Lab Equipment for the Blind

There hasn’t been much new in assistive devices for the blind in laboratory equipment in the last thirty years. Chemists can still use an opticon, an optical character reader, to read science books and periodicals. Even though voice activated software is used to read digitized USA Today and other national newspapers in real time to the blind and visually handicapped, the blind still rely on volunteer readers to tape science book chapters for them. The blind must still rely on volunteers to trace raised-line drawings of the Periodic Table, electron configuration charts, and graphs. Tactile molecular model kits and models of electron orbitals, cells, and anatomy are available. These 3D models are available for purchase for any science classroom or office. Beam balances similar to the weight scale in the doctor’s office are fairly tactile, but LED read out scales must be read to the blind chemist.

The supervisor or Chemical Hygiene Officer will have to take the blind chemist on a tour of the laboratory discussing safety concerns and pointing out locations of safety equipment.

The one bright spot is that Braille thermometers have been replaced by talking thermometers. Talking thermometers are helpful for the visually impaired as well as the blind chemists. Many older chemists have difficulty reading fine print and determining the correct reading on a thermometer. There are also talking calculators, light probes, voltmeters, clocks, and watches for use in the laboratory. There are indented liquid dispensers and a liquid level detector that beeps when the liquid reaches the desired level.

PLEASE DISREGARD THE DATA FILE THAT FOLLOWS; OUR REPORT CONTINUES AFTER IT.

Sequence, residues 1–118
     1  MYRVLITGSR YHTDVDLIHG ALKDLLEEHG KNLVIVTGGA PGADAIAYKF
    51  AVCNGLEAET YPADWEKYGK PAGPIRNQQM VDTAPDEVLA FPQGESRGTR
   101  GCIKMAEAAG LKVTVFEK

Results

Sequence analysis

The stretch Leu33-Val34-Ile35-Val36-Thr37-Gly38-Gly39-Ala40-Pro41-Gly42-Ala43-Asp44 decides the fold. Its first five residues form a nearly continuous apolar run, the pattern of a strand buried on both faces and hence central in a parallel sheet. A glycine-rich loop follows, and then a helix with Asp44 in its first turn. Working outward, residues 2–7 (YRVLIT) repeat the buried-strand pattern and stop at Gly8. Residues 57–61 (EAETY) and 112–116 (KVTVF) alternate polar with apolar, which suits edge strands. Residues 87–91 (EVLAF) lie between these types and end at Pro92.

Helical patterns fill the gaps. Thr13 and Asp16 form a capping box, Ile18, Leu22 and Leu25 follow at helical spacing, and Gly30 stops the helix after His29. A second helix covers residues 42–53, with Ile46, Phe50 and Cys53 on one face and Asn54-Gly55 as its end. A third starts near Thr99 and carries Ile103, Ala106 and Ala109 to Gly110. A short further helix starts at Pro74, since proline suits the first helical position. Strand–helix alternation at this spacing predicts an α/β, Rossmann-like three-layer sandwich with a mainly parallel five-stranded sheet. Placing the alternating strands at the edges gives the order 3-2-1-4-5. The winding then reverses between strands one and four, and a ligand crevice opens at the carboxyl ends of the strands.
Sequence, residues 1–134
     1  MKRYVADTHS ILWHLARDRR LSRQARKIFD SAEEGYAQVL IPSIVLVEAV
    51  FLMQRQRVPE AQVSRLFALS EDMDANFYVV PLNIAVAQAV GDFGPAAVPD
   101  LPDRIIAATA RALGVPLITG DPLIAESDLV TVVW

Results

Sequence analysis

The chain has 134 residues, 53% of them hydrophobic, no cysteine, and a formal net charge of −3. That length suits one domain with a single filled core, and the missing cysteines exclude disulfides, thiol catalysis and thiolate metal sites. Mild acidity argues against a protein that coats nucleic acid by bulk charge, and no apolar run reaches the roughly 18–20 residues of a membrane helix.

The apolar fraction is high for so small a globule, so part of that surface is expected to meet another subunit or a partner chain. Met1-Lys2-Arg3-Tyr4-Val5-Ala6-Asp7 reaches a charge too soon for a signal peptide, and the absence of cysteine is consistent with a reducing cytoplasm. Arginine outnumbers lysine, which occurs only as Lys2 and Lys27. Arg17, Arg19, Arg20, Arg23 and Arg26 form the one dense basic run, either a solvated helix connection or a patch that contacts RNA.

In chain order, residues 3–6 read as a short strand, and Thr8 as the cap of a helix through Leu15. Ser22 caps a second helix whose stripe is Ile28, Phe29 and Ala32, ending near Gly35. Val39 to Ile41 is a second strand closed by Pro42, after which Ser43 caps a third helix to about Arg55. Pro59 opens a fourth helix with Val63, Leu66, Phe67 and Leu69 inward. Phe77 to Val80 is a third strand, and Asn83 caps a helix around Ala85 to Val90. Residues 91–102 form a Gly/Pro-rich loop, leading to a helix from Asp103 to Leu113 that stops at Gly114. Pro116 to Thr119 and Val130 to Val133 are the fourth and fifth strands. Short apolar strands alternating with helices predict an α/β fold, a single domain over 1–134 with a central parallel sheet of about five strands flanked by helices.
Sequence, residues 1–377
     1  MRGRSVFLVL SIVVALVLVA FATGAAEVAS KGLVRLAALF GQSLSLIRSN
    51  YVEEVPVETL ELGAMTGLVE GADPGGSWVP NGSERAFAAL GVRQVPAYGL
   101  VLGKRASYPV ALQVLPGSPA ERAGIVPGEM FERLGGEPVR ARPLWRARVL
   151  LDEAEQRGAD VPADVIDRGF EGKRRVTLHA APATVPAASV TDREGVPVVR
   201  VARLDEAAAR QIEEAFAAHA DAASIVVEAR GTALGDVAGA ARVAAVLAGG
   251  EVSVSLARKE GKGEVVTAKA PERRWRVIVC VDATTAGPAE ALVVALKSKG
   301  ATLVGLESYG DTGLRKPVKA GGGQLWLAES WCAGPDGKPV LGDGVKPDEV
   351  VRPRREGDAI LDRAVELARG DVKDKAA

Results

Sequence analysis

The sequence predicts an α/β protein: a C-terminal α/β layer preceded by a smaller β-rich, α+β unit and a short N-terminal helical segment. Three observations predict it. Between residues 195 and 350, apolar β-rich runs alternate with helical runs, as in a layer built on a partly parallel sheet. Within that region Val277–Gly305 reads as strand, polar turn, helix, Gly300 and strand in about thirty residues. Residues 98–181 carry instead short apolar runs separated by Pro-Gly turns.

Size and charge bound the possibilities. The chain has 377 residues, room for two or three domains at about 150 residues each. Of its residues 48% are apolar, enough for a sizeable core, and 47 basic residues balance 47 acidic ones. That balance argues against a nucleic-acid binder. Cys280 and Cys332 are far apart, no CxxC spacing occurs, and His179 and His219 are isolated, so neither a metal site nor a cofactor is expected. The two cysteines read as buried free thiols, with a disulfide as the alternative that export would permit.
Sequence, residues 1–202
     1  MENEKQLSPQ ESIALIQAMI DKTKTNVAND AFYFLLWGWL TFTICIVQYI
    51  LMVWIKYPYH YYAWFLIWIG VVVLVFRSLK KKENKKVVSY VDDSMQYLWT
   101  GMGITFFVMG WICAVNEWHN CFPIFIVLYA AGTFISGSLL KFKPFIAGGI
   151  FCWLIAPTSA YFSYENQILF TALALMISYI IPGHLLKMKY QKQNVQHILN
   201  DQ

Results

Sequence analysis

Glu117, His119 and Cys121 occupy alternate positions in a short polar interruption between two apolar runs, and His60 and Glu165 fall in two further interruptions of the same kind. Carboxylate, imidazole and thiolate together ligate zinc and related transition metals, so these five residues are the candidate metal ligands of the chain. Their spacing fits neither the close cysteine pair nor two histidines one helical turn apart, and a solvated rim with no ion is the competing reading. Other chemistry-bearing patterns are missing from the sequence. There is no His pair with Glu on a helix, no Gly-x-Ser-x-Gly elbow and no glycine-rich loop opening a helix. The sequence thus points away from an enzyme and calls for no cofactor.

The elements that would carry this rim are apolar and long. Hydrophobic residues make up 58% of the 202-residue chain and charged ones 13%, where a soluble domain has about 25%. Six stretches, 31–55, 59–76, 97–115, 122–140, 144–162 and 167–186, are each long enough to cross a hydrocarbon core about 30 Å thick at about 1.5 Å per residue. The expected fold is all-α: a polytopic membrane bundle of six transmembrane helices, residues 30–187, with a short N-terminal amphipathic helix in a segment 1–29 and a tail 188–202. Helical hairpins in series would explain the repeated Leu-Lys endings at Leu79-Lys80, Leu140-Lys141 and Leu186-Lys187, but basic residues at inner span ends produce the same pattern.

Otherwise, volunteers must carve notches, put in staples, or use fabric paint at regular increments on rulers, glassware, syringes, balances, weights, mixers, heating gauges, stoves, and other science equipment to make measurements tactile. They must use textures such as sand paper and fabric paint to label items and lab areas. They may have to put an extension onto the safety shower lever so the blind chemist can find the emergency device. Auditory lab warning signals may need to be installed.

Some labs have connected instruments to computers, but there is a lag time to production of electronic notes or Braille reports that doesn’t provide immediate information for the blind chemist. Every time there is a computer or software upgrade, the instrument connections must be re-calibrated which is time consuming. Many such programs which were once available are now obsolete. Blind chemists must be assigned willing lab assistants or technicians who will describe details to the blind or visually impaired chemist and who will allow them to contribute according to their abilities.